Here are the stories on Texas Standard for Monday, September 6, 2021.
New polling from the Texas Politics Project shows the lowest approval rating for Gov. Greg Abbott since early 2016 – and his highest disapproval numbers ever. Has his run to the right ahead of the Republican primary begun to alienate voters? We’re talking to the Texas Politics Project’s Jim Henson today.
One of the Last Troops to Die in The Afghanistan War
More than 2,400 U.S. service members were killed in the Afghanistan war. Pentagon officials say Army Staff Sergeant Ryan Knauss, who died from injuries suffered in the Kabul Airport bombing, was likely the final one. His widow Alena talked with Jay Price of the American Homefront Project.
This summer the West Coast burned, the Midwest baked and states from Louisiana to New York flooded. But the weather in Texas was… pretty okay, actually. KUT Austin’s Mose Buchele reports on the state’s mellow summer.
In Texas, the state’s largest school districts are the ones requiring students wear masks. For many of those schools, the only exception to the mask mandate is lunchtime, when students are allowed to remove them. In Austin, KUT’s Claire McInerny visited three elementary schools where they are trying different tactics to keep students safe from COVID-19 during lunch.
After 11 years as a teacher in the Dallas area, Ari Christine said enough – and left. What made her leave a career she deeply loved and the high school kids who filled her life with joy? The answers can be found on her blog: “It wasn’t until the pandemic that I realized the true toxicity that envelopes education. Teaching is a woman. And who are women expected to be in our society?” We’re talking to Ari Christine today.
Worker Heat Death Series Preview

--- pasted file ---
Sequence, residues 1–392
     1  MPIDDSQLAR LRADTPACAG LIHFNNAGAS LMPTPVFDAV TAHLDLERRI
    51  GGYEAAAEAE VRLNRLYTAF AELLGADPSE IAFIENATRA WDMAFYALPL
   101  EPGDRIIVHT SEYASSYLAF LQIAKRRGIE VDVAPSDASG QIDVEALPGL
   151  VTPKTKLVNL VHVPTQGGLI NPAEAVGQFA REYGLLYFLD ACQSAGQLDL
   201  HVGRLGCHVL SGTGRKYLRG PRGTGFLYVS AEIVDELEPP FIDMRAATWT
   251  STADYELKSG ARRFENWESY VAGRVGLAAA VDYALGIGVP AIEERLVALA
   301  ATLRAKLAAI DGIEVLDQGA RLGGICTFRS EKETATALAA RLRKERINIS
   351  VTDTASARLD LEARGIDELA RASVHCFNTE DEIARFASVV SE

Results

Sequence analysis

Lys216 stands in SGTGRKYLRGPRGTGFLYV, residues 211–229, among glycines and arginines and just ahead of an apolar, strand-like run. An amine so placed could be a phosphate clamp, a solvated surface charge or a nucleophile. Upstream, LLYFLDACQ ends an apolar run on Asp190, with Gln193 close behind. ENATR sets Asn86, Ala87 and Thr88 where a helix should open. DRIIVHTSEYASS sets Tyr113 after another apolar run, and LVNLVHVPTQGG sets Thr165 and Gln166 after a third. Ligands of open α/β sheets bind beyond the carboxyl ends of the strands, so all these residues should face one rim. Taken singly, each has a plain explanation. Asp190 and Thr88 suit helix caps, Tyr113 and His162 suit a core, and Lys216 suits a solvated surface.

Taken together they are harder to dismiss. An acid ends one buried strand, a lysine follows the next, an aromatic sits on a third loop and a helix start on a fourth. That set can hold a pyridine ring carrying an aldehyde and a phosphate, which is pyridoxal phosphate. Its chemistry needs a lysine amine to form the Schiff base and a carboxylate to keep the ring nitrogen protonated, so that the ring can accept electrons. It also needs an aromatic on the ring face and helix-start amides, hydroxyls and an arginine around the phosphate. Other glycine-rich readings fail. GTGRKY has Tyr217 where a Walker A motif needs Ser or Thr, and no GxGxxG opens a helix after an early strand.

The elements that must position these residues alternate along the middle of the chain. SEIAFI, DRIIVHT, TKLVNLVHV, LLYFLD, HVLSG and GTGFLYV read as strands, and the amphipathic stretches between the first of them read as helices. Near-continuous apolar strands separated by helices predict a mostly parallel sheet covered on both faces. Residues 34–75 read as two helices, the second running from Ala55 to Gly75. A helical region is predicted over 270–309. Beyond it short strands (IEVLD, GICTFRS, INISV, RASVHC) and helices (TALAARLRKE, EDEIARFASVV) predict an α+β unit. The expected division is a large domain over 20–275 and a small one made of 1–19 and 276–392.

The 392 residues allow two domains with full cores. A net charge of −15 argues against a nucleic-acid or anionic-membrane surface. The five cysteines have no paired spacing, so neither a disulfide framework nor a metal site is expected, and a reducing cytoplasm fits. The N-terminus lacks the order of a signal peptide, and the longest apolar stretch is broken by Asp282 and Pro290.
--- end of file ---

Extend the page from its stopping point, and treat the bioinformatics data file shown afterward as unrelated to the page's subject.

Beginning tomorrow and continuing into next week, we’ll be looking more closely at the issue of Texas workers dying from heat exposure. It’s an investigation conducted in partnership between Columbia Journalism Investigations, NPR and the Texas Newsroom. In anticipation of the stories we’ll hear in the coming days, we’re hearing from Cheryl W. Thompson, investigative correspondent for NPR; and Fernanda Camarena, senior editor with The Texas Newsroom, a collaboration with NPR and Texas member stations. They led the teams that investigated this topic.
Speak softly and carry a big stick: that was the style of foreign policy attributed to Theodore Roosevelt as the United States emerged as an important world power. Yet for most of its history, the United States was a big country with a small peacetime military – until all that changed after World War Two. In an op-ed in The New York Times, University of Texas professor Jeremy Suri suggests history – plus our experience in Afghanistan – have conspired to send us a message: we’d be better off with a smaller military. We’ll hear from him today,
All this and Texas News Roundup, plus Social Media Editor Wells Dunbar with the talk of Texas.